Narconon Educators Respond To Rural Drug Epidemic

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New Synthetic drugs threaten the lives of thousands of West Virginians

Narconon Staff Meeting Community Leaders

Narconon With Community Leaders

The community was very supportive and eager to learn more about the deadly consequences of the new synthetic drugs that have recently become a presence in their area

Drug Educators from Narconon Of Georgia traveled to West Virginia in response to what many in the area are calling a “Drug Crisis”. While the use of controlled substances is nothing new in the mainly rural state, powerful synthetic drugs sold in local stores under the name “bath salts” are threatening to disrupt the once peaceful community. So far these drugs have sidestepped current state and federal drug laws because they are packaged as “not for human consumption” and thus are not controlled by current drug laws in the state.

West Virginia congressional leaders are trying to quickly change laws which govern the sale of these substances, but the manufacturers of the drug seem to stay one step ahead of the government’s efforts. The chemicals used in these products are shipped in from China and India where chemists seem to be constantly changing the formulation in order to side step attempts to control the importation of the drugs.

While the debate goes on in the state legislature local governments are beginning to see the need for increased drug education in order to stave off the onslaught of these new types of drugs. Officials from the Keyser Emergency Medical Services contacted Narconon of Georgia for help in educating the community on the dangers of drug abuse.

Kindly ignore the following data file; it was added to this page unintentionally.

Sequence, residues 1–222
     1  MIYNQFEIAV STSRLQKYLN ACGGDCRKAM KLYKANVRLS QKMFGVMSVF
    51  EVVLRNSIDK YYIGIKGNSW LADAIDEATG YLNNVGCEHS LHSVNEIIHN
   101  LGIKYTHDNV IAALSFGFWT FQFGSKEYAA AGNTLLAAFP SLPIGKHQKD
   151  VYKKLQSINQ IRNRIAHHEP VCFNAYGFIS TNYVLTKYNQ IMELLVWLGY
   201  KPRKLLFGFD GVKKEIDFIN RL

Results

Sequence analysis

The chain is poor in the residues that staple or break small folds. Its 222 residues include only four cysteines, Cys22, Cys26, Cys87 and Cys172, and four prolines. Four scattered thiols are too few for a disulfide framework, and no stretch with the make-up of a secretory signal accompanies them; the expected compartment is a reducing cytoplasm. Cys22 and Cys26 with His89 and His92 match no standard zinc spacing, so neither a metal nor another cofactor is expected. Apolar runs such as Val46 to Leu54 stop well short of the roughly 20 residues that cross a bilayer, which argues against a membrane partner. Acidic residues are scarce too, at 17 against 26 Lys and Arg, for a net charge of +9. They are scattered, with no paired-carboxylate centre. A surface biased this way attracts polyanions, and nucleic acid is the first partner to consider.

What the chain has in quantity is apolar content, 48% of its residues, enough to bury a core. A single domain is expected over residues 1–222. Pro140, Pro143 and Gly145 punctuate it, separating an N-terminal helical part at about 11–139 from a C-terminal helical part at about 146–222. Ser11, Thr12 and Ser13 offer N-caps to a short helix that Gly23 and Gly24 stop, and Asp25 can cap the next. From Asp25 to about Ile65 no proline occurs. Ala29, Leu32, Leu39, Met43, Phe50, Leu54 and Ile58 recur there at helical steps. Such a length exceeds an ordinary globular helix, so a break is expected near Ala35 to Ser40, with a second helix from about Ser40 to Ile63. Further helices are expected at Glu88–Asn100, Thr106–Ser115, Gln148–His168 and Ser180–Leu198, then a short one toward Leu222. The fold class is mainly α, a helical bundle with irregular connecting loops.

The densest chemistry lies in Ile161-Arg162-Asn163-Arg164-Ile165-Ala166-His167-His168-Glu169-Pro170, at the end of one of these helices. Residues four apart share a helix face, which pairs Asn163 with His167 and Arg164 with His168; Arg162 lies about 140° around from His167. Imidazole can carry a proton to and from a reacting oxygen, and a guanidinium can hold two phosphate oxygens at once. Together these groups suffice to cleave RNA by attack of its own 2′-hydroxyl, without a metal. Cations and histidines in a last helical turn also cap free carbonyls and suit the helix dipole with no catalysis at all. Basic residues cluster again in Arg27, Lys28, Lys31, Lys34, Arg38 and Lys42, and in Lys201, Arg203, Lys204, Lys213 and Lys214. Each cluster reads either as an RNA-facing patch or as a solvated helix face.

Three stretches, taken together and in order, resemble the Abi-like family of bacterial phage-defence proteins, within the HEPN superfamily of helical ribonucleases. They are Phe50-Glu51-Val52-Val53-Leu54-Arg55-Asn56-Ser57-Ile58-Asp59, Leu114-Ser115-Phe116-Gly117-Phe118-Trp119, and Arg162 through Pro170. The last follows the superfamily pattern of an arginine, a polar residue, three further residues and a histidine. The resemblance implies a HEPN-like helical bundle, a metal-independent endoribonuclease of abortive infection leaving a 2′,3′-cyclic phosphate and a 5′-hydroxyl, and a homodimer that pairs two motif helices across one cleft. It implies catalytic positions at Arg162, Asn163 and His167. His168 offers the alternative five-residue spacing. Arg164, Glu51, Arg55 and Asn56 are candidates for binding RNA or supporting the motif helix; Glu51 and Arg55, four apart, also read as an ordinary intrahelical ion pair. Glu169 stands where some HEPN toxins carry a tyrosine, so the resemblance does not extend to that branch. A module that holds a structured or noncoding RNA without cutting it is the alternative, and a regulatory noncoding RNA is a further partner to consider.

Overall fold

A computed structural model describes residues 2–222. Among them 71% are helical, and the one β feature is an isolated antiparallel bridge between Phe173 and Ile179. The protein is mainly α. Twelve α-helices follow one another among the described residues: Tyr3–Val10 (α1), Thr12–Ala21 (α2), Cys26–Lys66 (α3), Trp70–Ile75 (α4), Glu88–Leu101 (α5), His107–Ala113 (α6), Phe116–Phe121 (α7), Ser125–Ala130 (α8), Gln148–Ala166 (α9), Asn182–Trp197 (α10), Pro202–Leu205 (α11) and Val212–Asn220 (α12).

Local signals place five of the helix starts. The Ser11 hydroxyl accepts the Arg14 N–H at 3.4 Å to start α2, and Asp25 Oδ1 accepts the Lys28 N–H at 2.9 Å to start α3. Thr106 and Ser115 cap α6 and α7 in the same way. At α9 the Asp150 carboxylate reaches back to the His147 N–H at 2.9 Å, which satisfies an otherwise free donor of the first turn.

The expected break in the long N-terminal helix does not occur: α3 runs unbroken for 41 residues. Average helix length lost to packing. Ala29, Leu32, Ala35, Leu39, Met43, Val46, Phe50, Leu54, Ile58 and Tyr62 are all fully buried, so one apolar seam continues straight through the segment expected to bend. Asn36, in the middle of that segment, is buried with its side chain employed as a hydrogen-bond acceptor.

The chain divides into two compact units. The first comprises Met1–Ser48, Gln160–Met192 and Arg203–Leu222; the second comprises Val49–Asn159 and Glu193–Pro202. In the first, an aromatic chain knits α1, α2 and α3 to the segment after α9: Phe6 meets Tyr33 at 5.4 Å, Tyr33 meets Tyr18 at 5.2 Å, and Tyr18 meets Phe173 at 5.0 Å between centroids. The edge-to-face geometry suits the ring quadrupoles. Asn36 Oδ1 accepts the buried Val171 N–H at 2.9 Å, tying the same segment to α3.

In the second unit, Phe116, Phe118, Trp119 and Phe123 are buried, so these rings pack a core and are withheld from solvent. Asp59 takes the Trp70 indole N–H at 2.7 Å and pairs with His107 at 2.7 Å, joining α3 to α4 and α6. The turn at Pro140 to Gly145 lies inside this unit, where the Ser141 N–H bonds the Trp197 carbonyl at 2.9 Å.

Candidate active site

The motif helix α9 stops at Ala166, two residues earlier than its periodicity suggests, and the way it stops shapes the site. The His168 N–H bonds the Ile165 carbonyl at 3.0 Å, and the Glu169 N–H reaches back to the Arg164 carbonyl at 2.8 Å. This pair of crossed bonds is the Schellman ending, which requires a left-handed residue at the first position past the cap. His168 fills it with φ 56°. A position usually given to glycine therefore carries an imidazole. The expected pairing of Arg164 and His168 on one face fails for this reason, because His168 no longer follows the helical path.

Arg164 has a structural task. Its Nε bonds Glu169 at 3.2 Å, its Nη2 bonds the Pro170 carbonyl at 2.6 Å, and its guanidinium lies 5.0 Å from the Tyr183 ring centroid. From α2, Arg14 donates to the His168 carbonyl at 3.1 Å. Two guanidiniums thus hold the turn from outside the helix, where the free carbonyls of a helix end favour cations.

The event, hosted by Keyser Emergency Medical Services, was held on April 19, 2012 and included representatives from the community, the sheriff’s office, the Potomac Lion’s Club, the drug task force, as well as EMTs and Ambulance drivers from surrounding areas.

Narconon representatives spoke to the community leaders about the various types of drugs that are currently being abused in and around Keyser as well as how to identify signs of abuse and overdose. Sheriff Fraley of the Mineral County Sheriff’s office was in attendance and spoke with Narconon at length about the community’s ongoing efforts to outlaw new synthetic drugs such as K2, also known as “spice” or “potpourri” on the streets.

Narconon also visited Keyser High School where they met with school officials to provide educational videos and brochures on the harmful effects of street and prescription drug abuse. “The community was very supportive and eager to learn more about the deadly consequences of the new synthetic drugs that have recently become a presence in their area” says a Narconon drug educator. The event successfully provided education and prevention materials to the schools, sheriff’s department, and emergency response units.

Narconon Of Georgia has been working with communities for the last 11 years and remains determine to help fight the problem of drug addiction by providing quality drug education and rehabilitation.

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Mary Rieser
Narconon of Georgia
(770) 379-0208
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